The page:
That’s a rather strong claim, and I believe it.
One of the most popular books on sexual pleasure is called Kama Sutra. Written by Vatsyayana, it claims to be the first book written on the art of pleasure in lovemaking. In her applause for the book, one author wrote that “Christian and Jewish texts and teachings contain no mention of … sex. In fact these two religions make little or no connection between sex and worship at all.”
Mind if I blow this out of the water?
In truth, Christianity alone of all the major world religions boasts the most radical of holy books. It’s called Song of Solomon or Song of Songs and stands out uniquely among religious books as an unashamed celebration of physical pleasure. Written in approximately 970 B.C., it beats Kama Sutra by 1320 years. (How’s that for a thrashing?)
Prepare the atmosphere to begin learning how to pleasure one another.
With co-habitation on the rise, many forego honeymoons altogether. That’s sad. God really wants you to spend time learning how to bring happiness and pleasure to each other. Don’t believe me? Deuteronomy 24:5 says, “If a man has recently married, he must not be sent to war or have any other duty laid on him. For one year he is to be free to stay at home and bring happiness to the wife he has married.” Many believe that the intention was that the man would grow in friendship with his bride and that he’d learn to love her intimately. Can we at least take a weekend or a week to study each other?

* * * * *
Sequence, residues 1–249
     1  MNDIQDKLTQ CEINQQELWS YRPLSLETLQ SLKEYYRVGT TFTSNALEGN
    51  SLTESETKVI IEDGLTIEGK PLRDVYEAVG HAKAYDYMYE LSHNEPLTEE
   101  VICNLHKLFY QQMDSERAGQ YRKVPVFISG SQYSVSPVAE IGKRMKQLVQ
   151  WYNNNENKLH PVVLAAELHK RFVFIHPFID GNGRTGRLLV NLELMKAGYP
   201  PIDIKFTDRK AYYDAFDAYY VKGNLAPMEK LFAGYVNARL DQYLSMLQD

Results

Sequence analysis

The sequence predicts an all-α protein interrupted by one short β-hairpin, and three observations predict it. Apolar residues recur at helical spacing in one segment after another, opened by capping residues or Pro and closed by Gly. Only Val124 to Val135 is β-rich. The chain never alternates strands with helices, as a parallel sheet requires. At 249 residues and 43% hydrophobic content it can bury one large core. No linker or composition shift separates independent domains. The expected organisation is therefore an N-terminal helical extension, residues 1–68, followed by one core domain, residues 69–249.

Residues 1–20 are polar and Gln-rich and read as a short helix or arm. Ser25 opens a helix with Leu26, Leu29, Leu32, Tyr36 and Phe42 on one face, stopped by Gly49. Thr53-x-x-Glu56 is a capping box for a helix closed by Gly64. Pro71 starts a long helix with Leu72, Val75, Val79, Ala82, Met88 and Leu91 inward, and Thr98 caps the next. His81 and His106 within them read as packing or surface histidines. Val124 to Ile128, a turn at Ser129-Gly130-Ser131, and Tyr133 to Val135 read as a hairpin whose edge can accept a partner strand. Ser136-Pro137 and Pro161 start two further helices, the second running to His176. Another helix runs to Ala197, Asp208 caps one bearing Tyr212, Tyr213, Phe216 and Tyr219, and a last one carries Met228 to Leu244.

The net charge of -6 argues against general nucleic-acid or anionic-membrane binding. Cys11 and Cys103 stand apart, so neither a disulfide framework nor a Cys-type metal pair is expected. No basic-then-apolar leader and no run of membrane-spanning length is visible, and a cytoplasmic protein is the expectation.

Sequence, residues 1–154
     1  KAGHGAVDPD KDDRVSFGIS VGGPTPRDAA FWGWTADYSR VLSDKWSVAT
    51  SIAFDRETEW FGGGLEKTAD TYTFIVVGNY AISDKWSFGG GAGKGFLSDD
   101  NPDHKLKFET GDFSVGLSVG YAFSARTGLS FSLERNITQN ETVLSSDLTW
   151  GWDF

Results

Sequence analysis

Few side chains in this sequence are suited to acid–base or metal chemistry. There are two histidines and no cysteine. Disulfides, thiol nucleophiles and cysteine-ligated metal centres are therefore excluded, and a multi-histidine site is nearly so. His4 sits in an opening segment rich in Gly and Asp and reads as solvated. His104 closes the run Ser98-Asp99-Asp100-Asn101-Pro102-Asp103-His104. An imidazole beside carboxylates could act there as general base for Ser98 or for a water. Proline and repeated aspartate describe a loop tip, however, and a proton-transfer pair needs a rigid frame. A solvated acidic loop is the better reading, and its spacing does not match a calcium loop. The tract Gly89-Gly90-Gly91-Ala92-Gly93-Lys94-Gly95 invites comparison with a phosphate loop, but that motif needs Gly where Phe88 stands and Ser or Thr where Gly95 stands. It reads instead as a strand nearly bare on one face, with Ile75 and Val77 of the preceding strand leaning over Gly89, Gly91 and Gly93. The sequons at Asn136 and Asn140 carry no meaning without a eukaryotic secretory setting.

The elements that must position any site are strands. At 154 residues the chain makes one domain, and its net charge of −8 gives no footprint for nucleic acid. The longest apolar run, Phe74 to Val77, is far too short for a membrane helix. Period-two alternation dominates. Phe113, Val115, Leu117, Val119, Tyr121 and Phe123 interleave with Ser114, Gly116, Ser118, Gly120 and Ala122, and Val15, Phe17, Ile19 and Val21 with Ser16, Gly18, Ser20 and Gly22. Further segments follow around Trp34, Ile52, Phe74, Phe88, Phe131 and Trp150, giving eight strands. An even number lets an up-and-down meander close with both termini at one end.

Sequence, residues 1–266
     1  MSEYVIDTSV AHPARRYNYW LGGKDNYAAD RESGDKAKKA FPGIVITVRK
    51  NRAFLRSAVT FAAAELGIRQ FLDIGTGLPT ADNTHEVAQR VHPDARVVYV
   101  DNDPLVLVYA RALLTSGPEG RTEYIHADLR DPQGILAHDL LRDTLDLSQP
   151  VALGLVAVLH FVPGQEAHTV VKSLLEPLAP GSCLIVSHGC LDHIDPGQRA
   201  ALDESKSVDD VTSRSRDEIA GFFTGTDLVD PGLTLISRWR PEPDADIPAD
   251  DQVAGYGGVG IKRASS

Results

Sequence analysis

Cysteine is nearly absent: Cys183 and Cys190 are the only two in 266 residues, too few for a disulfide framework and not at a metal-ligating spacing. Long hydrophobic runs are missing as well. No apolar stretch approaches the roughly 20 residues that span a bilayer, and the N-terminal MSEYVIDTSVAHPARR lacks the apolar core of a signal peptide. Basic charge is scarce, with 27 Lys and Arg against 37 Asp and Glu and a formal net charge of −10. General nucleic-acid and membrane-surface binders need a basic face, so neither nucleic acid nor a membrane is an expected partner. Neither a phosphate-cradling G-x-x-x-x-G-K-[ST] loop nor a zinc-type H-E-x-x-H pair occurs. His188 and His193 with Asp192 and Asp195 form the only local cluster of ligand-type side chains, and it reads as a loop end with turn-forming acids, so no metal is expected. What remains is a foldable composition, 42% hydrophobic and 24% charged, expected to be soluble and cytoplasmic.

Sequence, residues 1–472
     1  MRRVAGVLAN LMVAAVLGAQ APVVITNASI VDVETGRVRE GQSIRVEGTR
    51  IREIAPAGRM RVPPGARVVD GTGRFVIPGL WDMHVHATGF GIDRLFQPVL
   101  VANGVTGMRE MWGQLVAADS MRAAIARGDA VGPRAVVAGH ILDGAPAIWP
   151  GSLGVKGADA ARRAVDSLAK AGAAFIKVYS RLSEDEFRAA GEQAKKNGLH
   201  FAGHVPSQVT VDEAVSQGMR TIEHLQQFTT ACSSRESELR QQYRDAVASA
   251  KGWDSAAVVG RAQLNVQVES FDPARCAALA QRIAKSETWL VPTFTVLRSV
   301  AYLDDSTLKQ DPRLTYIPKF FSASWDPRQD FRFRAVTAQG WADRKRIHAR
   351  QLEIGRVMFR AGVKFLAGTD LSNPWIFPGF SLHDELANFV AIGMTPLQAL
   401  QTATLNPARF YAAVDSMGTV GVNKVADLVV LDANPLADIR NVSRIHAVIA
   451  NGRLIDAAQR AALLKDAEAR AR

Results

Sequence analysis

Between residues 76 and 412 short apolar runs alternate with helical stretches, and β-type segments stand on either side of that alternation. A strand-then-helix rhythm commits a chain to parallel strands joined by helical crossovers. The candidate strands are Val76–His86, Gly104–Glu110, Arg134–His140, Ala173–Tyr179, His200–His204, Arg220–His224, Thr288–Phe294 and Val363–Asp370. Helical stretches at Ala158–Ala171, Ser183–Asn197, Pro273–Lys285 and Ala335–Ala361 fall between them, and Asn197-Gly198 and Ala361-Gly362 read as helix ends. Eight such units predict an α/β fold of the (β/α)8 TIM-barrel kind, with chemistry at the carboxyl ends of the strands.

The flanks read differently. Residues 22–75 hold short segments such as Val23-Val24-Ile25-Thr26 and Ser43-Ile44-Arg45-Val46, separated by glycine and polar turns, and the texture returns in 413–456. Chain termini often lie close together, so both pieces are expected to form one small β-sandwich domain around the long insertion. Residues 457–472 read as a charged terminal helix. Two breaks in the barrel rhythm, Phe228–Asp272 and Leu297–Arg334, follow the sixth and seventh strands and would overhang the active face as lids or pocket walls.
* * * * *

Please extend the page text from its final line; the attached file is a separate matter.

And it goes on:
Take care and attention in preparing for your honeymoon. Here’s a top 10 list of things that ensure you’ll be prepared for your honeymoon. Most of these are things you need to talk about. Communication is key.
10) Don’t overbook your honeymoon. Instead of trying to tour Rome, why not rent a cabin on a lake? Think sex. Expect to spend your time in the bedroom. A good sexual experience doesn’t happen when you are both tired.
9) Discuss your first night before you plan your wedding time. If your wedding is in the evening and you plan to party until midnight, chances are you’ll both be pretty tired by the time you cross that threshold. You might want to consider not consummating your relationship until the next morning. Lowering the expectations could avoid a few tears if you both fall into bed exhausted at 2 a.m.